At least two Chinese companies appear to have removed support for the Uyghur and Tibetan languages. The moves underscore the trend of tech-enabled suppression of ethnic minorities in China.
Last Friday, Talkmate, a language learning app that has UNESCO as a partner, announced that it had “temporarily” removed Uyghur and Tibetan language classes because of “government policies.” The announcement, made via Weibo, did not say when the two languages would return.
Earlier this week, internet users noticed that Bilibili, a popular streaming service in China, was removing comments made in both Uyghur and Tibetan. Trying to comment in either of the two languages returned an error saying, “Comment contains sensitive information.” Some users claimed that the censorship of Uyghur comments on Bilibili began mid-2020.
Both companies claim to be committed to inclusivity and diversity.
According to Protocol, Bilibili and Talkmate are not the only Chinese tech companies that have censored ethnic minority languages. The outlet interviewed a former Douyin (ByteDance-owned TikTok-like platform that operates in China) employee who said that the content moderation team asked the software engineering team to create an algorithm that could automatically detect Uyghur language in livestreams and remove them.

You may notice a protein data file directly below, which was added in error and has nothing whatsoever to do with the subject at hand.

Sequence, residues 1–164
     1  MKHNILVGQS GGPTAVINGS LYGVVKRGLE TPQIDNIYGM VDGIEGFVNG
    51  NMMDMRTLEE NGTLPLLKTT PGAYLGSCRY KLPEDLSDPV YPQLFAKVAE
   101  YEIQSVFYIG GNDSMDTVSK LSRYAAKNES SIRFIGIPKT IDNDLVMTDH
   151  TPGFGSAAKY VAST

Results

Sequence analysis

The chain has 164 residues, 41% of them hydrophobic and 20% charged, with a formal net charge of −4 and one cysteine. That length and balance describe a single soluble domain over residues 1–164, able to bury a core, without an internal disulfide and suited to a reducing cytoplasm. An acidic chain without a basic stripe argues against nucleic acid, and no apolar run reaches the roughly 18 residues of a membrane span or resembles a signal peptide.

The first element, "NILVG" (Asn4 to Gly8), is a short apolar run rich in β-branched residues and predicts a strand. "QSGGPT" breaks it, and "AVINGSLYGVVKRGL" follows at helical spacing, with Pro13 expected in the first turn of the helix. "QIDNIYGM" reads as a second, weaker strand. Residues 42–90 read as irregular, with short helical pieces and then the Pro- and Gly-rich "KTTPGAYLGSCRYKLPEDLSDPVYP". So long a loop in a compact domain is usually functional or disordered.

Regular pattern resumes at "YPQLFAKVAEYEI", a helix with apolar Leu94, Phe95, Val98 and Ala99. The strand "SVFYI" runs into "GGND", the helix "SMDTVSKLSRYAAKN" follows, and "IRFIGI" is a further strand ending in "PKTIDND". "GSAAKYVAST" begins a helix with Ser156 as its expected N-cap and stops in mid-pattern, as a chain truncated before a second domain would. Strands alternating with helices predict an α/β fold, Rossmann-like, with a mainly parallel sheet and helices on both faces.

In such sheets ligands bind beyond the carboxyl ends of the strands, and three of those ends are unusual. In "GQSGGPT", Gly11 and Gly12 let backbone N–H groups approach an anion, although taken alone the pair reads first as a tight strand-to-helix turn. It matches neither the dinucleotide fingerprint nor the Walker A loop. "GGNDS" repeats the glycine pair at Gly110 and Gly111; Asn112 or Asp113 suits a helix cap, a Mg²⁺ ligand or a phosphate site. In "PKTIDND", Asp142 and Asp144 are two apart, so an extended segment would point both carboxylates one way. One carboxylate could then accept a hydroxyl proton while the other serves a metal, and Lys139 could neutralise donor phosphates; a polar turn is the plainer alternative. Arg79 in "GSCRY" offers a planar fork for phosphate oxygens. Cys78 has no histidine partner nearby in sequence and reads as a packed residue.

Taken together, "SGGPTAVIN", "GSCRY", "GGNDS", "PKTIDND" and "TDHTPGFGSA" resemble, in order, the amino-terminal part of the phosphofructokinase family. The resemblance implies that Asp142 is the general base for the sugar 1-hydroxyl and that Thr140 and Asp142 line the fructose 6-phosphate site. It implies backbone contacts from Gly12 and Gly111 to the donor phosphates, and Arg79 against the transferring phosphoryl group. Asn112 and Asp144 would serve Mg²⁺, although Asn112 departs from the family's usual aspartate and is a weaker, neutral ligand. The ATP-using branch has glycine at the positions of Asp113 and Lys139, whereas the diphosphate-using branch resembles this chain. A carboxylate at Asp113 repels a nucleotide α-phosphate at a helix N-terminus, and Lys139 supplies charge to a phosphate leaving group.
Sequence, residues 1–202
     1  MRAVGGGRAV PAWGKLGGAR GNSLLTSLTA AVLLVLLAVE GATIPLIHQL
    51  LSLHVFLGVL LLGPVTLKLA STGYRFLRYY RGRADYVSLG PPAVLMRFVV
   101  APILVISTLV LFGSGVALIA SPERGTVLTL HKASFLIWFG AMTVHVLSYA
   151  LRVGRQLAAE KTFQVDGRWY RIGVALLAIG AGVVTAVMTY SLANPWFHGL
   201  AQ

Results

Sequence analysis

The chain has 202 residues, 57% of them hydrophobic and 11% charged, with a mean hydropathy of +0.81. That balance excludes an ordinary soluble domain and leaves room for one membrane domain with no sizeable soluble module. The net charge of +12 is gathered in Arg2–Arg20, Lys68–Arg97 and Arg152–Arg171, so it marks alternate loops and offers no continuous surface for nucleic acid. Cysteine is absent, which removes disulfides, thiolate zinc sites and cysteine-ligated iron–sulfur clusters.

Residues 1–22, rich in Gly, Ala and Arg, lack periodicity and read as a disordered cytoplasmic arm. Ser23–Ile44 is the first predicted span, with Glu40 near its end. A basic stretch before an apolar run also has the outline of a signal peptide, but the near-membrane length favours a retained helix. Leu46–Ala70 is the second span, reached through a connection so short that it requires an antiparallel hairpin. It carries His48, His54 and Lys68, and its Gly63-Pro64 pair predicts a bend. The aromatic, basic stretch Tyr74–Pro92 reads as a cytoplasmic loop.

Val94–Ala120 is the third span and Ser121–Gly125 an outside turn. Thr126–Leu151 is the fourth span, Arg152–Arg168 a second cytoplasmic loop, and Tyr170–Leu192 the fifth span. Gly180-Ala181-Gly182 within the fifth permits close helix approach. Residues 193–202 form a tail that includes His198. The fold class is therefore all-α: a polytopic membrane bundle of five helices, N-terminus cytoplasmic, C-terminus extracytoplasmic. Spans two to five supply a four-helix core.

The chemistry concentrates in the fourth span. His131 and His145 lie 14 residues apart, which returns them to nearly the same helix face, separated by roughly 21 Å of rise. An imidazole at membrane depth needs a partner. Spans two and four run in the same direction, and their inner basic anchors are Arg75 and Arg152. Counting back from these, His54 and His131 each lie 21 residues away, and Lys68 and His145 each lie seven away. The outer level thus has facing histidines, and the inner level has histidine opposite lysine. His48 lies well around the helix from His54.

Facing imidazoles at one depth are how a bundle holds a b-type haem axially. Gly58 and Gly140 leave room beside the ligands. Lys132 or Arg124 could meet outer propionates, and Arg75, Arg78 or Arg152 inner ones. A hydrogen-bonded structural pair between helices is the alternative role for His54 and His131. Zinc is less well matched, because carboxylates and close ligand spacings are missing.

Douyin alerts users to switch back to Mandarin when they livestream while speaking ethnic minority languages. If they do not comply with the warning, the livestream is manually cut off by content moderators, regardless of the type of content.
There is no law directly prohibiting platforms from allowing ethnic minority languages. Tech companies appear to be doing the censorship out of fear that allowing those languages might result in the violation of national “security” laws.
Ethnic minority languages, especially Uyghur and Tibetan have been highly suppressed in China during Xi Jinping’s rule, despite the Chinese constitution allowing all ethnic groups to “use and develop their own spoken and written languages.”